Right away we were approached by the usual “Are you looking for a pousada?” group. We carried our stuff to a nearby icecream shop where Johnny and I waited while Dave and Peder went in two different directions to look for options. There were tons. Apparently the summer rush had ended about a week earlier, and what were normally overpriced and overbooked had turned into a plethora of cheap availabilities. We chose a situation similar to that in Morro; two separate rooms for two people each at a cost of 30 reais a night.

It was quite nice, except that the creaky wooden doors had no weather stripping and the room very quickly filled up with insects. Solved by mosquito nets. Also there was no hot water – but the weather is so warm we really didn’t need it.

I set out to explore the town a bit while Peder stayed back for a nap. I was finally feeling marginally healthy again; now it was Peder who had a fever and the runs.

Trancoso has a noticably different feel from any of the cities we’d been to so far:

Rio was a big, busy, and dangerous city set among magnificent cliffs and tropical rainforests.

Salvador was a dirty African-feeling city overflowing with music, culture, and interesting architecture.

Morro de Sao Paolo was an international Spring Break town set in a tropical island paradise.

Trancoso a quiet hippy villiage with only one small main square where everyone knows everyone else, and the pace of life is something like “Hey man, like, relaaxxx, why don’t you have a puff?”

And you know, while I’m not into the drug scene in the slightest, I really like the small-town feel that Trancoso has to offer. I feel like some of the others are dissappointed with the lack of activity and nightlife, but to me this place just feels so much more authentic. And personal. It’s cleaner, the people all smile and say hello, and I don’t sense any danger at all like I did in both Rio and Salvador. For the first time I spent an entire day walking around with my phone in my pocket; previously I wouldn’t dare leave the hotel room with it. Rather than homeless people constantly pestering me for money or desparate vendors hounding me to buy their handmade necklaces, people just seemed to be going about their daily lives – enjoying a day in the park, sitting in a lawnchair outside their little shop, or having a beer in front of a hamburger stand. It’s very…quaint. But in a distinctly Brazil kind of way.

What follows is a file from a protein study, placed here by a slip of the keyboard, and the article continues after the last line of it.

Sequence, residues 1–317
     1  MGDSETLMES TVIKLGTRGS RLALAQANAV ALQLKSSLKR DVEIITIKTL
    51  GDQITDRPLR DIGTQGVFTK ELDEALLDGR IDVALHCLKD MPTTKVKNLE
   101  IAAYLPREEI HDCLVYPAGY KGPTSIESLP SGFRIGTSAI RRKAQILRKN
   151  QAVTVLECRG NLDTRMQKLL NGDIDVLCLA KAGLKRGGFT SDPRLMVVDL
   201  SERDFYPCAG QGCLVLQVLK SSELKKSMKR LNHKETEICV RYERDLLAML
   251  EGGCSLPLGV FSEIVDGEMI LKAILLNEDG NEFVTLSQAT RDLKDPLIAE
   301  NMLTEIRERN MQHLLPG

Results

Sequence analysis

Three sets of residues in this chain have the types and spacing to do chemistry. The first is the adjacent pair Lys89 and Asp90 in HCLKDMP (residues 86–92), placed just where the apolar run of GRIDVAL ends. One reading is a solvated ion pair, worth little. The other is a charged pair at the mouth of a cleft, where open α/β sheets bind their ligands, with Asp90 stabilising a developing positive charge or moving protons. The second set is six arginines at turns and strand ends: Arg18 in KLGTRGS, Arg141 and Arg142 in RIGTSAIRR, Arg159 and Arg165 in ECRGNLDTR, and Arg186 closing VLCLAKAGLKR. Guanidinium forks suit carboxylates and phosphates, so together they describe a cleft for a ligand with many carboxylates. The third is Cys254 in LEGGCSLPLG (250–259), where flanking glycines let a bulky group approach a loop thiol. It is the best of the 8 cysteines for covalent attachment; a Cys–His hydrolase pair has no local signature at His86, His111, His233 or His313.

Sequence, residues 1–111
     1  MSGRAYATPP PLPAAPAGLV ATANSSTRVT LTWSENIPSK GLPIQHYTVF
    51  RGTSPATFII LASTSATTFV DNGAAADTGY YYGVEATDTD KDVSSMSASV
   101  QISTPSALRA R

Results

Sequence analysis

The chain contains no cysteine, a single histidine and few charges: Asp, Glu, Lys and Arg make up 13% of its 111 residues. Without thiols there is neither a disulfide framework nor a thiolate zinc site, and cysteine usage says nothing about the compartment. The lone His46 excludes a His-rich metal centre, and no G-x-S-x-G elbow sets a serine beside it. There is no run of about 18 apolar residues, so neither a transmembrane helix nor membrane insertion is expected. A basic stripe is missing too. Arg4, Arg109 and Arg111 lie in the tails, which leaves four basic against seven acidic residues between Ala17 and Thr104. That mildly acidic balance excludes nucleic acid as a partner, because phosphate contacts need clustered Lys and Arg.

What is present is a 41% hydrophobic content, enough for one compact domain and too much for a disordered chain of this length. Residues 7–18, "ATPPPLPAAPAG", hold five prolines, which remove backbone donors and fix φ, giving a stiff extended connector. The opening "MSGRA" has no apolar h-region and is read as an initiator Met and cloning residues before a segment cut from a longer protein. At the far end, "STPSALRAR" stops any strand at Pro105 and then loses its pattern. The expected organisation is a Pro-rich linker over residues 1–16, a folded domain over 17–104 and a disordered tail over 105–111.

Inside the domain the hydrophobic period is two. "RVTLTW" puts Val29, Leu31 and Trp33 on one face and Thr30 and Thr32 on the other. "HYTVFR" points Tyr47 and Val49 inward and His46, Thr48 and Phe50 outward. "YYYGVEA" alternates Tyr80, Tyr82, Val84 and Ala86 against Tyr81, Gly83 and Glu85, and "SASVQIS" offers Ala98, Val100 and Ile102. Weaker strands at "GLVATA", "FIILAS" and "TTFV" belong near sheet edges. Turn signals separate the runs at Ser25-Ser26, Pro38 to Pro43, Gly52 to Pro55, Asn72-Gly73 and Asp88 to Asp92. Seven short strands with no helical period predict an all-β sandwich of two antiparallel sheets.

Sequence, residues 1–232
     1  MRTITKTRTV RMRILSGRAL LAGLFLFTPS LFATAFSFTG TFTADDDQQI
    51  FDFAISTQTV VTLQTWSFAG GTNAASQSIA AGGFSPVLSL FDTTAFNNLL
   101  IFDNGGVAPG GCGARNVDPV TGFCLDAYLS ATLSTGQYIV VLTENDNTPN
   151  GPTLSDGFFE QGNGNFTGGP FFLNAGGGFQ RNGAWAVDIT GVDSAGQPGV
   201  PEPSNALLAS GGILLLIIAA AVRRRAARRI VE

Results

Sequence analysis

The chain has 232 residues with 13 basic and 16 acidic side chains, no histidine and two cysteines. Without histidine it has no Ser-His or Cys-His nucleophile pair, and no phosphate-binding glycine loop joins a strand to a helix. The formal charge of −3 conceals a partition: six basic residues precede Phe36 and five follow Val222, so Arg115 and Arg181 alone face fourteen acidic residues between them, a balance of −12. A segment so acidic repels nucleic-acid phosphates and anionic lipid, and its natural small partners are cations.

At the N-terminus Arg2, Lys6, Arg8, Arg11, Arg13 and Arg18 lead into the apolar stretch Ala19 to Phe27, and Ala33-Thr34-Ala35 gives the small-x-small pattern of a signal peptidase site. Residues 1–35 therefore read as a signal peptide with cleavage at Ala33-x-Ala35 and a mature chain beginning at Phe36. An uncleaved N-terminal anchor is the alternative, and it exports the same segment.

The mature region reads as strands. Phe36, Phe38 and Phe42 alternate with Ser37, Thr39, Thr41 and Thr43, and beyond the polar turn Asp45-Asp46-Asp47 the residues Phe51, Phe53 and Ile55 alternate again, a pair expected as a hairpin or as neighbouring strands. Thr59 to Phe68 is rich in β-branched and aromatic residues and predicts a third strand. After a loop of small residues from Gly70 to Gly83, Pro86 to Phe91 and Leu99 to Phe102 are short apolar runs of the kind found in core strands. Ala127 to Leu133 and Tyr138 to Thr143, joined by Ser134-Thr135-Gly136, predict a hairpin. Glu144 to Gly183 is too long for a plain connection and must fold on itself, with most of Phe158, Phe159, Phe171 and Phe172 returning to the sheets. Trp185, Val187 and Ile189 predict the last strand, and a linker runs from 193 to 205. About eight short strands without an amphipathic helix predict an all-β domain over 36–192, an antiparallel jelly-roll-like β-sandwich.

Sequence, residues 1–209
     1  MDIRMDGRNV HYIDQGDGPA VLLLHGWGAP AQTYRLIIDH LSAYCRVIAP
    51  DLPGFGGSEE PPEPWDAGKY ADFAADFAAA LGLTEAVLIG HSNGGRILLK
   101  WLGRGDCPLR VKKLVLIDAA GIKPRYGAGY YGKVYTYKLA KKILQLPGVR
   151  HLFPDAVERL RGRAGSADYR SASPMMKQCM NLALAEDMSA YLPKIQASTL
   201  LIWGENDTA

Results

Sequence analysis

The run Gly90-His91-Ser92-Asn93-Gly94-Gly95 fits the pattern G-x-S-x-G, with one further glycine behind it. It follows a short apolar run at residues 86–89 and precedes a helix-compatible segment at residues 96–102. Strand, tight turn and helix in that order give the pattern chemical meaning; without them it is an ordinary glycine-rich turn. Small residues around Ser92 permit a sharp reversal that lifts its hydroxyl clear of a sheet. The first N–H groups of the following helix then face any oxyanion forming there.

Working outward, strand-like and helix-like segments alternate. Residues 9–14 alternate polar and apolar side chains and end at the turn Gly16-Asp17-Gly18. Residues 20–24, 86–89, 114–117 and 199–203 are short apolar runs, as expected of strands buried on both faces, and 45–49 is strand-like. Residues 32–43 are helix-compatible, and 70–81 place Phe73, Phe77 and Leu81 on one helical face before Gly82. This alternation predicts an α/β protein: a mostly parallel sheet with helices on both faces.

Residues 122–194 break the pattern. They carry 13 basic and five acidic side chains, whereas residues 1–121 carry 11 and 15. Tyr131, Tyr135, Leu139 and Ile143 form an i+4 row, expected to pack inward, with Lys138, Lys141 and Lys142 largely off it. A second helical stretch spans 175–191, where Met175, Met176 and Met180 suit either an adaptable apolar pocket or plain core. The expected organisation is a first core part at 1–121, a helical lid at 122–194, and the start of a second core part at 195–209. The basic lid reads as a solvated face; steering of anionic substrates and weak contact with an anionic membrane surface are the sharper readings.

After my brief tour of Quadrado – central square – I turned in early. My plan was to wake up early and take a 20-mile walk along the coast.

I awoke to find the small wooden table on our pousada’s front porch covered with a tablecloth and neatly set. Breakfast included! Soon it was covered with bread, cakes, fresh fruit, and of course sweet tropical fruit juices. And ham and cheese.

They really, really seem to love cheese in Brazil. Cheese on or with everything. Or just by itself.

Fine with me, I love cheese! ๐Ÿ™‚

Peder and I made it out the door around 11, while the others decided to hang back, sleep in, and head to the beach. Johnny flies back to Norway in just over a week and has decided to throw it into “quick-tan” mode. Plus Johnny and Dave had stayed out until sunup the night before. I love going out, but made it clear that I wouldn’t start a night after 12 – lately they’ve been starting somewhere around 3am.

The day’s walk turned into just the kind of unexpected travel experience I love.

…But i’m out of time at this net cafรฉ, so ill have to finish up next time.

It’ll be more interesting, I promise ๐Ÿ˜›

  4 Responses to “One Wild Ride”

  1. stay well ๐Ÿ˜‰

  2. hi Justin,

    hope Brazil is treating you well. I’m the girl you shared wonderfull seats on the flight to Brazil ๐Ÿ™‚
    Your name came to my mind and I decided to pay you a visit. Really cool site you have here!
    Have fun and take it easy on the caipรญrinhas…

  3. Mmmm….Cheeeese

  4. Haha hey Emily! I’m shocked u rememberd my website ๐Ÿ˜› It was nice meeting u on the flight – I hope u had a nice trip too.

    And no promises about the caipirinhas ๐Ÿ˜‰